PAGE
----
Sunday, June 19, 2011

Severe Weather Outlook for Father's Day

As expected yesterday, the severe thunderstorm activity that developed over Kansas & Missouri yesterday evening congealed into a large complex of storms overnight, and has raced Eastward into portions of Kentucky and Tennessee as of this writing:

This system produced a swath of wind damage reports from southern Missouri and Illinois into Kentucky overnight and early this morning.  Damaging winds will continue to be a threat along and ahead of this complex this morning and midday.  Very heavy rain and dangerous lightning can also be expected as this system continues to move and/or develop toward the East/Southeast.

Meanwhile, conditions are coming together for another round of severe thunderstorm development later today, into this evening & tonight.  Below is the latest severe weather outlook from the SPC in Norman, OK:

Severe thunderstorms are possible anywhere within the yellow shaded areas on the above image.  In particular, a more concentrated threat of severe thunderstorms (including tornadoes) is forecast within the red shaded area on the same image, across portions of northwest & northcentral Kansas into the southern half of Nebraska.

Thunderstorms are forecast to develop first along the front range and foothills of the Rockies by mid to late afternoon.  Some of these storms are likely to become severe and will move Eastward into the adjacent High Plains over time.  Large hail, damaging winds and isolated tornadoes will be possible with this activity.

Thunderstorms are also expected to develop along and either side of a warm front extending along or near the Kansas / Nebraska border by early evening.  Very large hail, damaging winds and tornadoes will all be possible with this activity as it moves and/or develops Eastward during the evening hours.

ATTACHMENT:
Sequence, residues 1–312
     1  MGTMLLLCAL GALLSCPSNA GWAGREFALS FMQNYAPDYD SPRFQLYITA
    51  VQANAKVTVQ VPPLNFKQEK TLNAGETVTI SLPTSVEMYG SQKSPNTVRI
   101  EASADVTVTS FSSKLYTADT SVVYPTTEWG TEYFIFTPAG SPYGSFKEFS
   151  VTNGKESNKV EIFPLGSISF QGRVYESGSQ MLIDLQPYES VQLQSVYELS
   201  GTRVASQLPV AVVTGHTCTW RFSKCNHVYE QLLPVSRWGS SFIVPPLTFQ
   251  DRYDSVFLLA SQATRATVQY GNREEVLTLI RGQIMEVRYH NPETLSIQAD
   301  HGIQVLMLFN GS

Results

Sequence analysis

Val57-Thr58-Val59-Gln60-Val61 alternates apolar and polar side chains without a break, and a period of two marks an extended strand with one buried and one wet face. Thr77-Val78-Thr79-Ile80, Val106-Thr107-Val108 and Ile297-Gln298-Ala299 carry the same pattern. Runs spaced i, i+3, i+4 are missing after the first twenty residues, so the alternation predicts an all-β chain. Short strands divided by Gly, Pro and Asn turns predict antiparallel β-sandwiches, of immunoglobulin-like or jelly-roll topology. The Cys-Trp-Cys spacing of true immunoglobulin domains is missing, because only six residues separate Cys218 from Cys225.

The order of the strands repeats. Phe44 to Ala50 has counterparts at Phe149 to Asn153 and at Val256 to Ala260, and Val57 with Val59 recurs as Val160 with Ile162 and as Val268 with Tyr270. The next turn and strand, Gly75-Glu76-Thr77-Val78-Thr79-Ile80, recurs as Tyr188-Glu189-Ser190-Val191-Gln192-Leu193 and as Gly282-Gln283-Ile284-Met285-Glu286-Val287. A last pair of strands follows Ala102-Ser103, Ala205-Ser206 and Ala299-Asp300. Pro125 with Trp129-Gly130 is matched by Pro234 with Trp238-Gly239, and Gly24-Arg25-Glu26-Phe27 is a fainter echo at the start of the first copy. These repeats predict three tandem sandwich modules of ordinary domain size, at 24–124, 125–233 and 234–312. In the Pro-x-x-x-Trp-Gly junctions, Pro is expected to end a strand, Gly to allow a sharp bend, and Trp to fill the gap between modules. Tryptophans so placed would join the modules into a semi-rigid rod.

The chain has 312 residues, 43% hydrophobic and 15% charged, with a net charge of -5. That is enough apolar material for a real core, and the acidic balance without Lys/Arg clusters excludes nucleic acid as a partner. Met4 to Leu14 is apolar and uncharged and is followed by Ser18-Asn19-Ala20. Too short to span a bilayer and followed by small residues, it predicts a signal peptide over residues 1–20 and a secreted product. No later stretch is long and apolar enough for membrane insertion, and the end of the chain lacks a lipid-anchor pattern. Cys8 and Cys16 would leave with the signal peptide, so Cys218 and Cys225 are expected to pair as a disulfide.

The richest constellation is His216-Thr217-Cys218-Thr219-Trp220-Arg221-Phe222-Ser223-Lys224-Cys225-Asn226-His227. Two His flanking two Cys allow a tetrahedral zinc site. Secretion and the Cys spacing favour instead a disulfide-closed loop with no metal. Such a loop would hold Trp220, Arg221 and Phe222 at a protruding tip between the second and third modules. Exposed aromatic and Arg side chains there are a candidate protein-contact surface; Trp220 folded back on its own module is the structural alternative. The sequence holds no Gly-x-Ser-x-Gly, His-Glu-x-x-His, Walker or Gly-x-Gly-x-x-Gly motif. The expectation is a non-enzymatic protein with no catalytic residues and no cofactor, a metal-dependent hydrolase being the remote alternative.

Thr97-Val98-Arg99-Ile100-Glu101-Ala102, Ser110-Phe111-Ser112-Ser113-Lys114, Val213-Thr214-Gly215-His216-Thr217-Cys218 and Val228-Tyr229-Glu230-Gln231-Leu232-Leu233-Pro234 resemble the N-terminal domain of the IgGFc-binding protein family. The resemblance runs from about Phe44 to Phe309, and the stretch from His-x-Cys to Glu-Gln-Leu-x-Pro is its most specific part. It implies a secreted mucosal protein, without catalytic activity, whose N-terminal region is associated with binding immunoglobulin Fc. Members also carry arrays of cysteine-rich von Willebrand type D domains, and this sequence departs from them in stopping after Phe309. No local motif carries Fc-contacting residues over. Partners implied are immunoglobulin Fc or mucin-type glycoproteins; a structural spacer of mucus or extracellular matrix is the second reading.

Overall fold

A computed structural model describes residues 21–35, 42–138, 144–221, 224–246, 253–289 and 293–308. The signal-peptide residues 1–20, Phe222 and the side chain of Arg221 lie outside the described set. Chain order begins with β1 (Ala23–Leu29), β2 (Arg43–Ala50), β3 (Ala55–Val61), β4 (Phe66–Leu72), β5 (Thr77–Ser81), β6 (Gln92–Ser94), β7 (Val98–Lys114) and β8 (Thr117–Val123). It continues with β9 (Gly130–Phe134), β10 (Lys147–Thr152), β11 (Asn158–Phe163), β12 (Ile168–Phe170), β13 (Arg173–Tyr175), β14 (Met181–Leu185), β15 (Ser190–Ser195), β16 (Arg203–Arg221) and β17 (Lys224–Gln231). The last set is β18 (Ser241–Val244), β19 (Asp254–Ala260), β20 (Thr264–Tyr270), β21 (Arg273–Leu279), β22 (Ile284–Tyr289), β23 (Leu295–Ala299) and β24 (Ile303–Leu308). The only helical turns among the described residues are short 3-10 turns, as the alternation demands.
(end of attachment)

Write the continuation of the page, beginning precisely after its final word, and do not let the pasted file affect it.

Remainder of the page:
The threat for tornadoes will be highest late this afternoon & evening within the red shaded area on the image above.  The threat for damaging winds will be highest within the red and pink shaded areas on the image below:

Large hail will be a distinct possibility with severe storms that form late this afternoon & evening, with the highest threat being within the red shaded areas on the image below.  Very large hail (i.e., 2 inches in diameter or greater) will also be possible with this activity, primarily within the pink and black hatched areas on the same image:

The thunderstorm activity that forms over Nebraska and Kansas this afternoon & evening is likely to again congeal into one or more large complexes of thunderstorms overnight tonight, which will move downstream into portions of the Midwest and Tennessee Valley.  Damaging winds will be the primary threat once the activity transitions into this mode overnight.

Elsewhere, isolated to scattered severe storms are possible very late this afternoon into this evening along the dryline from southcentral Kansas into portions of western & central Oklahoma and extreme northwest Texas.  A very strong capping inversion will exist in this region, so activity is not expected to be widespread.  Any storm that does form, however, is likely to quickly become severe.  Very large hail, damaging winds and isolated tornadoes will be possible with this activity.

If you live in any of the severe weather outlook areas for today, please stay alert and be prepared to seek shelter if threatening weather approaches your area.

No comments: